Nagy, in a message posted Wednesday on her Writers Forward Together site, said residual payments are the most important issue the WGA faces during upcoming negotiations on a successor deal to the current master contract. That deal with Alliance of Motion Picture and Television Producers expires May 1.
“It’s the second, third and fourth most important issues, too,” she added in a post titled “The Residual Costs of Ignoring Residuals.” “Residuals are what see us through lean times and provide a measure of security while we secure new work. Only those with multi-year overall deals and other highly overscale deals don’t lose sleep over how we get from year to year, how to qualify for health insurance and how to cease worrying about where the next check comes from.”
Nagy and her slate have contended that WGA needs to get back to the bargaining table after two months of staying away. The contest, which includes races for secretary-treasurer and eight board seats, is viewed as a referendum on the WGA’s hard-nosed approach versus more accommodating tactics. Election results will be announced on Sept. 16.
The WGA West disclosed last month in its annual report to its 10,000 members that collected residuals in 2018 jumped 7.2% to $462 million with TV residuals jumping 10% to $307 million. New media residuals surged 16.5% to $76.5 million. Film residuals edged up 1.1% to $155 million.
“If we enter the 2020 talks with the Companies without having resolved our action against the agencies, most of us will not be in a strong enough position to weather a potentially long and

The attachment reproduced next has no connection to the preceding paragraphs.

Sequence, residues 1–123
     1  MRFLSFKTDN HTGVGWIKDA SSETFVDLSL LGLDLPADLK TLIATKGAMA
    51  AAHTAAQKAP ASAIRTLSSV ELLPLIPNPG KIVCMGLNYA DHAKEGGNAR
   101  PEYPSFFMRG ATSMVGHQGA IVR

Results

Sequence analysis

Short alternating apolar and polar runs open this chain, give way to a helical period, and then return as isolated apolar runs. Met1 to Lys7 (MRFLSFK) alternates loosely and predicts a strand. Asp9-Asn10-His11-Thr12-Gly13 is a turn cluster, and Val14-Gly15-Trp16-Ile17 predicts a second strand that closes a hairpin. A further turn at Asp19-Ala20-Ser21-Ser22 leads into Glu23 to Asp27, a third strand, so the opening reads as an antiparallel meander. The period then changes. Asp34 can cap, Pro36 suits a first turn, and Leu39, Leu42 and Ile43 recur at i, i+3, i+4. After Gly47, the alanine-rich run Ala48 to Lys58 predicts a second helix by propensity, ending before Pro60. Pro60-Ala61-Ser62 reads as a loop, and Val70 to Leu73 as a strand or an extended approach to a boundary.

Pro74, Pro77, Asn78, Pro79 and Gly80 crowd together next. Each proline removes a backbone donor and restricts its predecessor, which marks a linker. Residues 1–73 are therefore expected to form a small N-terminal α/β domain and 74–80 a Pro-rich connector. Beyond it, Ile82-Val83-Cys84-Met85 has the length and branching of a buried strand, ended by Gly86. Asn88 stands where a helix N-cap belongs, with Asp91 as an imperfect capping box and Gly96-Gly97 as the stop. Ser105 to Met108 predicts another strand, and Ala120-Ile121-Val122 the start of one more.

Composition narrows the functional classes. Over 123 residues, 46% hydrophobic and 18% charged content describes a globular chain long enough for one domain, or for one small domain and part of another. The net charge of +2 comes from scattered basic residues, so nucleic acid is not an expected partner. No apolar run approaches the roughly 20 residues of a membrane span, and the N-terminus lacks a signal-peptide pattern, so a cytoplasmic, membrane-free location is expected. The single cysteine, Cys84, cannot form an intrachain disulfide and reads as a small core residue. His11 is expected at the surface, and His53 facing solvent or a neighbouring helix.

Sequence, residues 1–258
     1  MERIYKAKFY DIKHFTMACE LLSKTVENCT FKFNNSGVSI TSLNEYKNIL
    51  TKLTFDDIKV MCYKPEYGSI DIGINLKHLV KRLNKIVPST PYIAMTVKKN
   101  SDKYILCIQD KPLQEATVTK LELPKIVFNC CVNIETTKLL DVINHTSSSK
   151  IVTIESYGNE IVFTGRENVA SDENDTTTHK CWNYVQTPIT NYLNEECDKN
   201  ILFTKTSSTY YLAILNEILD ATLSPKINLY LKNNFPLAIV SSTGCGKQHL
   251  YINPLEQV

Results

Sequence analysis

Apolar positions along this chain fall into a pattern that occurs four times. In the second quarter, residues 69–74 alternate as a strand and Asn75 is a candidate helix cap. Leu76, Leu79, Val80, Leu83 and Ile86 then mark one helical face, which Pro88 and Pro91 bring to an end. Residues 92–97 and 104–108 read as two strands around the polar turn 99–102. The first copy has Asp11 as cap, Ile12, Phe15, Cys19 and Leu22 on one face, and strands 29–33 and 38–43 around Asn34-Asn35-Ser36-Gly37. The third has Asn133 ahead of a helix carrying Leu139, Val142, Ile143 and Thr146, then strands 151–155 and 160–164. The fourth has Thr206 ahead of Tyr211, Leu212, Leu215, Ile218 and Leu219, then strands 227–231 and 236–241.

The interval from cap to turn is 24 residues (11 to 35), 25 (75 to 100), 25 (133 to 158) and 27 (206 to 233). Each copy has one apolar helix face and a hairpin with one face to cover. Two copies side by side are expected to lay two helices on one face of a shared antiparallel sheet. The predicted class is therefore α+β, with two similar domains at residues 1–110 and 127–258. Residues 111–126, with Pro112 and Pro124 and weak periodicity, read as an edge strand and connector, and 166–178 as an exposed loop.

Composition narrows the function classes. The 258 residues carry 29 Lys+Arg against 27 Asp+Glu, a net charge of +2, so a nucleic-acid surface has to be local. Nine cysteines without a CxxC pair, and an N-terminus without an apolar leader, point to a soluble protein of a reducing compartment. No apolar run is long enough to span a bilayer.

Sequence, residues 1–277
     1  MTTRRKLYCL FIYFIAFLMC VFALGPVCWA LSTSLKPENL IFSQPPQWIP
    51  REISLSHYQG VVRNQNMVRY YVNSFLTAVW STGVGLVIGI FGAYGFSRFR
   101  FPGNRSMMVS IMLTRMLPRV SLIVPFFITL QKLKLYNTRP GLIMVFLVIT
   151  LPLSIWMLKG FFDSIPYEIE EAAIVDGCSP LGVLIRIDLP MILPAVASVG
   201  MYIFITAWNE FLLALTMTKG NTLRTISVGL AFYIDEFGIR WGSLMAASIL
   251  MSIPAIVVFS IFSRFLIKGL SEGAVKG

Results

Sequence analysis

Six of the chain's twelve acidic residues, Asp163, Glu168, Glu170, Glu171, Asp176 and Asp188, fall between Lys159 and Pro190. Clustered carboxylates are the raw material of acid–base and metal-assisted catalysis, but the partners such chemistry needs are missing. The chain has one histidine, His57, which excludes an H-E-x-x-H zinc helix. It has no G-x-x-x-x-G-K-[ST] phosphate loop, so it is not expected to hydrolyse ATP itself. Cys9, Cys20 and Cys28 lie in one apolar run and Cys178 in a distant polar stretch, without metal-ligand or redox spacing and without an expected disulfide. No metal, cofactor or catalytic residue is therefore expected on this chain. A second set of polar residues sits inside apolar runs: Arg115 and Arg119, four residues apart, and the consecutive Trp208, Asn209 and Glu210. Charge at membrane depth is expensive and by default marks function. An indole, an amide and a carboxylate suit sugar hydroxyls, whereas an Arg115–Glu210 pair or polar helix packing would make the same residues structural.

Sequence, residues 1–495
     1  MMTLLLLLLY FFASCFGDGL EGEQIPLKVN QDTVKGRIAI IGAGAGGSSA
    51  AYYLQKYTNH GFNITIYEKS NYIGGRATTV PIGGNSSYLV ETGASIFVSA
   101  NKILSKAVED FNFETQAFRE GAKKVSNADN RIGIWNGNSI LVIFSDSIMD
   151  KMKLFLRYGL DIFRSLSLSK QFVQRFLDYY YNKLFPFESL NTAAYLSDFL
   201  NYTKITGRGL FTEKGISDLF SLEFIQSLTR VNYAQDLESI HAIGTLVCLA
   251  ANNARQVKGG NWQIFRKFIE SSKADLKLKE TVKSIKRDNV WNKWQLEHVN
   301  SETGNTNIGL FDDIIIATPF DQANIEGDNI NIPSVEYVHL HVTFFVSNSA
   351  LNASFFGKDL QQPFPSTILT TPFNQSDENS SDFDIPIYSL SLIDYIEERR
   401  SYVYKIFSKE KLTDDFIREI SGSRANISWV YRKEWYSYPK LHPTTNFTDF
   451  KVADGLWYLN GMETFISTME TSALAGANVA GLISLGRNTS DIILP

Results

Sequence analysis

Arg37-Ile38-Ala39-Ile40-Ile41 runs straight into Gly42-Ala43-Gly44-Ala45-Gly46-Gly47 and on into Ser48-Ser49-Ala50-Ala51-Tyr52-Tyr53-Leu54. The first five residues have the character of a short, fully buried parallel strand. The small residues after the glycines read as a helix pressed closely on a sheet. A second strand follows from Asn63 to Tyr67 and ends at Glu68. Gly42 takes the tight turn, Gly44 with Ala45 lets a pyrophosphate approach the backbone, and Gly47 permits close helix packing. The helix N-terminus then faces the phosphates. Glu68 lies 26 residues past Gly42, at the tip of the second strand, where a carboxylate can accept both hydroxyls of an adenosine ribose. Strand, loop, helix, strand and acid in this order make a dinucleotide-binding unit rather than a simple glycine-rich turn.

difficult strike to preserve our residuals,” Nagy said. “I urge all of us to think carefully about this as we contemplate the efficacy of a divide-and-conquer strategy with the non-packaging agencies in the hope that the most powerful agencies will capitulate.”
“I don’t plan to play a waiting game against a ticking clock headed into AMPTP talks,” she added. “Our residuals are too important for that roll of the dice. If we have to go out, I want it to be for something that will impact every single writer’s future in a profound way.”
Nagy asserted that the current license-based residuals system will be disrupted amid the growing use of streaming services through SVOD (Subscription Video On Demand).
“By late 2020, three of the five major studios will have SVOD distribution arms, which means that they will have direct contact with the consumers of our product,” she said. “The traditional structures for distribution/access and the ‘middlemen’ will largely disappear, as the percentage of the population who accesses our work through streaming grows.”
Nagy said the WGA needs to unite in advance of the talks with the Directors Guild of America and SAG-AFTR to deal with the issue from a position of “unassailable” strength. The DGA and SAG-AFTRA master contracts both expire on June 30.
“Are we in the best position to do this when we are still at war with the ATA?” she asked. “Emphatically not. Does it mean that new leadership will strike an ill-informed deal? Emphatically, no.”
Goodman announced on June 20 that the guild had called off negotiations with the Association of Talent Agents in favor of pursuing individual talks with nine top agencies as it enforces its total ban on packaging fees and affiliated production for agents representing guild members. A trio of mid-size agencies — Verve, Buchwald and Kaplan Stahler — have signed WGA agreements in recent months.
Earlier this week, the WGA withdrawn its state court suit against WME, CAA, UTA and ICM Partners alleging packaging fees are illegal and re-filed suit in federal court. Nagy criticized that action as electioneering, asserting that the guild leaders wanted to avoid an unfavorable ruling before balloting closes. She added Wednesday that making a deal with the ATA would enable the WGA to team with agents to prepare for the AMPTP negotiations.
Nagy concluded by saying that by electing her slate, agencies can be held accountable for unfair practices concerning packaging and affiliate production along with creating a revenue sharing solution. She noted that most WGA members were required in April to fire their agents.
“This is not a strike,” she said. “But it is, for many of us, a de facto work stoppage. To believe otherwise is simply shutting your eyes to the damage that’s already been caused. The clock is ticking.”